In the corner of Navarinou and Zoodochou Pigis street, a tiny park breaks the grey urban mass that is Exarchia. This once empty lot was meant to be turned into a parking lot, but activists took it over and after years of bitter struggle, managed to bring it under communal control and turned it into a green oasis, with a playground and a garden. “Their parking, our park” is the slogan of the group that runs it, and it’s the perfect metaphor for what the lively neighbourhood wants to be.
Co-ops and social enterprises are multiplying in Exarchia. In the rest of Athens one might see empty cafes and vacant shops, but in Exarchia, the streets are littered with alternative businesses, like independent bookshops, co-op cafes and restaurants and even entire theatres.
The residents have also organised to drive the drug trade away from the central Exarchia square and its surrounding alleys, and have managed to do so to an impressive degree compared to a few years ago. What seemed like a plague that would drive the area to the ground, has improved, thanks to a very active neighbourhood association, which over the years has become an integral part of life here.
Exarchia is resisting through a civic spirit emboldened by the crisis, and with solidarity that extends well beyond its residents. This cradle of alternative lifestyles is also one of the most welcoming areas in Athens, where immigrants can hang out feeling safer than in most other areas.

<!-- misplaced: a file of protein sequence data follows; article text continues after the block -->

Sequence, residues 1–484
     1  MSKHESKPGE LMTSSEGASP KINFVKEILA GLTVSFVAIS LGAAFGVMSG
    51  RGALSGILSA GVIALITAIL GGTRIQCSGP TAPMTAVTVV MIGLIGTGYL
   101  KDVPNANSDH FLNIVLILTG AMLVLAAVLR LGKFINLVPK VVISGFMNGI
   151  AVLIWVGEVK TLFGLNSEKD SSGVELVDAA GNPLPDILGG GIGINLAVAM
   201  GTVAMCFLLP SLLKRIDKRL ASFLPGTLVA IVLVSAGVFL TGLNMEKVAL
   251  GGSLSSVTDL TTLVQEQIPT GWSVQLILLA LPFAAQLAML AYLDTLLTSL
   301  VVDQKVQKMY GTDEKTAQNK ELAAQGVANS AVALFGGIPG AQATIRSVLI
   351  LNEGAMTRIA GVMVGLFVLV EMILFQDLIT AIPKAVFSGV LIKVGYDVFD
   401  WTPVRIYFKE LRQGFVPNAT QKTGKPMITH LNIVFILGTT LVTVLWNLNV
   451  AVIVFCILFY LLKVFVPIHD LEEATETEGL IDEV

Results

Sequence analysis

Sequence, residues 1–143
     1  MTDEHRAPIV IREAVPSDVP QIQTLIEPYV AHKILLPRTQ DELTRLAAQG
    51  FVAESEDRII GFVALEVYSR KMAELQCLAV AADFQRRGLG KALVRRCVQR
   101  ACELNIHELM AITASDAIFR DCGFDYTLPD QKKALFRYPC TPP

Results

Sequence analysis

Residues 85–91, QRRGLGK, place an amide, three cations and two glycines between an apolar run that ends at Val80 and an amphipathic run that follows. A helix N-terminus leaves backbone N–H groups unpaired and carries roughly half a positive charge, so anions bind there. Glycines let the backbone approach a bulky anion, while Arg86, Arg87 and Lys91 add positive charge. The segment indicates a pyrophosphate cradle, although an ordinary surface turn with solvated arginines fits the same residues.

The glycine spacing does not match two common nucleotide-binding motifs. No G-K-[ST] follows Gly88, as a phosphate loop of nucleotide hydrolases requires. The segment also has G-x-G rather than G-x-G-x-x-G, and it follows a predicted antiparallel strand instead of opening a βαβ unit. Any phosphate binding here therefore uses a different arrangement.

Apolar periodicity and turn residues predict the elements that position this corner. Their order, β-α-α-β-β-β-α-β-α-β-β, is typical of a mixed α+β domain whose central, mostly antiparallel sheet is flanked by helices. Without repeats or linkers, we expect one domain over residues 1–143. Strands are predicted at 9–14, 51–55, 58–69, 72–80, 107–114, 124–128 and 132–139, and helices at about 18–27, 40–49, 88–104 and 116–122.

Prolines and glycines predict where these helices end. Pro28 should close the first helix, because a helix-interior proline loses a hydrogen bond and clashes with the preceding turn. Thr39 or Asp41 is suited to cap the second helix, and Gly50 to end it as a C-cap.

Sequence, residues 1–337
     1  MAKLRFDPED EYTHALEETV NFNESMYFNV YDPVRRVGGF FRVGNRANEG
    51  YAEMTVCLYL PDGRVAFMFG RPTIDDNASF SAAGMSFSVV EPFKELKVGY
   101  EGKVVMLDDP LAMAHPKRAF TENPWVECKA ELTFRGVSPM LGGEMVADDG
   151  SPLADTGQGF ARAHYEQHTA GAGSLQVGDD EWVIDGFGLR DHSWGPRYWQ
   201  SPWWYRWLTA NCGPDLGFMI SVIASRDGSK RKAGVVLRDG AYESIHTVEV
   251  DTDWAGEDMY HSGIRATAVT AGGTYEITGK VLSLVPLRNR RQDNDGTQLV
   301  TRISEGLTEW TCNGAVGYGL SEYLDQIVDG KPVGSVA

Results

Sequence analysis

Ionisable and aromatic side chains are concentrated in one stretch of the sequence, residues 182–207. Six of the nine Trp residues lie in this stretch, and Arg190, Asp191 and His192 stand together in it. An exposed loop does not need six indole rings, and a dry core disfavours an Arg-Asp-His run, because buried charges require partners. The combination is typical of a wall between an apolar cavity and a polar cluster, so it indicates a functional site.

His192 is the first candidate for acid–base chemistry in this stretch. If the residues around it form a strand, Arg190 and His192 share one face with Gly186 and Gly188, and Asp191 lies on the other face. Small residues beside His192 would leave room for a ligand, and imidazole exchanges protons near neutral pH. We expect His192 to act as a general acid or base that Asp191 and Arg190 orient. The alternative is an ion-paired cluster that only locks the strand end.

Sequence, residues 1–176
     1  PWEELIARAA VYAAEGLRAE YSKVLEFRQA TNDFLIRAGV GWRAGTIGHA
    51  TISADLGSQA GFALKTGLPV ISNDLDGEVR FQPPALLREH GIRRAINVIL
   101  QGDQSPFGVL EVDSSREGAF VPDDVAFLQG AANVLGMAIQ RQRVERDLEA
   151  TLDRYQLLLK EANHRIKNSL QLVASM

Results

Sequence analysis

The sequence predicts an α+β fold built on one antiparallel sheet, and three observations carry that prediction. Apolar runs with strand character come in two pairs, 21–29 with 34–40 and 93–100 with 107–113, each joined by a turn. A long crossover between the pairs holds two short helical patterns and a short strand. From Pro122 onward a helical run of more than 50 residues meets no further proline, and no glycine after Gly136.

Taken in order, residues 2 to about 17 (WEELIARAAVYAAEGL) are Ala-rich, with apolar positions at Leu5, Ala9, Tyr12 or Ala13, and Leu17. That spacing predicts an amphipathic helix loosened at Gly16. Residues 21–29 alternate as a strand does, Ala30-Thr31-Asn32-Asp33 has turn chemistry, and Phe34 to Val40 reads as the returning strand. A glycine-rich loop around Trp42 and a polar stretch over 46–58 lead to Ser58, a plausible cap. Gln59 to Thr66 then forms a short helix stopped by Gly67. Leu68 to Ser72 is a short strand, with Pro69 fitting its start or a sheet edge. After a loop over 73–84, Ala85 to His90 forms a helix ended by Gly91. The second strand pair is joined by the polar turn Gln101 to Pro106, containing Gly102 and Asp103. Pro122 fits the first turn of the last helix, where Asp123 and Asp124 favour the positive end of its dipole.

For thousands of young Greeks, Exarchia has become a space for urban resistance. This is where they gather to talk and do politics. It is their arena for free expression, where they demonstrate the full extent of their anger with an indifferent, self-serving state that ignores their opinions and turns its back on their future.
This is a theatre where all the ills and blessings of modern Greece become painfully obvious and clash. In this sense, Exarchia will either become a paradigm of resistance and revival through solidarity and unity, or a symbol of anger, violence and the disintegration of the social fabric in crisis-stricken Greece.
Yiannis Baboulias is a journalist, writer and founding member of Precarious Europe, examining issues of precariousness, new nationalisms and independence movements across Europe. His work has been featured in Channel 4 News, Vice, the LRB and The Guardian among others.
Follow him on Twitter: @yiannisbab